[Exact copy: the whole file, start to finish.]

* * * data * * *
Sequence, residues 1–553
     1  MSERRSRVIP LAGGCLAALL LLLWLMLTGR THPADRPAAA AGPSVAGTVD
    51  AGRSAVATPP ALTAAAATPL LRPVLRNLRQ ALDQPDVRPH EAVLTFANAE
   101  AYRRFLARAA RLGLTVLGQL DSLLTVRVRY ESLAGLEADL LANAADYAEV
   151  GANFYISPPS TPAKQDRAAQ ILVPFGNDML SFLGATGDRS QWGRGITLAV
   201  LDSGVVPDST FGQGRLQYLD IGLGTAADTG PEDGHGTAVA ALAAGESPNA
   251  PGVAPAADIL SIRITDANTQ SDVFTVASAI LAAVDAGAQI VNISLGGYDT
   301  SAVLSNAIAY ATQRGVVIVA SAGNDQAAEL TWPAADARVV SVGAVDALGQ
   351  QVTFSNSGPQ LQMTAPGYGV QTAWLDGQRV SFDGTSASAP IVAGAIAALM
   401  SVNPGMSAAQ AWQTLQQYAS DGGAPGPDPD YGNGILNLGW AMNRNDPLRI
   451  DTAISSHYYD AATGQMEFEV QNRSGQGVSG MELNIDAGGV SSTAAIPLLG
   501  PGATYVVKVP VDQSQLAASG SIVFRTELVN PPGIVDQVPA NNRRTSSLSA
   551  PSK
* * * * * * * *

Sequence, residues 1–553
     1  MSERRSRVIP LAGGCLAALL LLLWLMLTGR THPADRPAAA AGPSVAGTVD
    51  AGRSAVATPP ALTAAAATPL LRPVLRNLRQ ALDQPDVRPH EAVLTFANAE
   101  AYRRFLARAA RLGLTVLGQL DSLLTVRVRY ESLAGLEADL LANAADYAEV
   151  GANFYISPPS TPAKQDRAAQ ILVPFGNDML SFLGATGDRS QWGRGITLAV
   201  LDSGVVPDST FGQGRLQYLD IGLGTAADTG PEDGHGTAVA ALAAGESPNA
   251  PGVAPAADIL SIRITDANTQ SDVFTVASAI LAAVDAGAQI VNISLGGYDT
   301  SAVLSNAIAY ATQRGVVIVA SAGNDQAAEL TWPAADARVV SVGAVDALGQ
   351  QVTFSNSGPQ LQMTAPGYGV QTAWLDGQRV SFDGTSASAP IVAGAIAALM
   401  SVNPGMSAAQ AWQTLQQYAS DGGAPGPDPD YGNGILNLGW AMNRNDPLRI
   451  DTAISSHYYD AATGQMEFEV QNRSGQGVSG MELNIDAGGV SSTAAIPLLG
   501  PGATYVVKVP VDQSQLAASG SIVFRTELVN PPGIVDQVPA NNRRTSSLSA
   551  PSK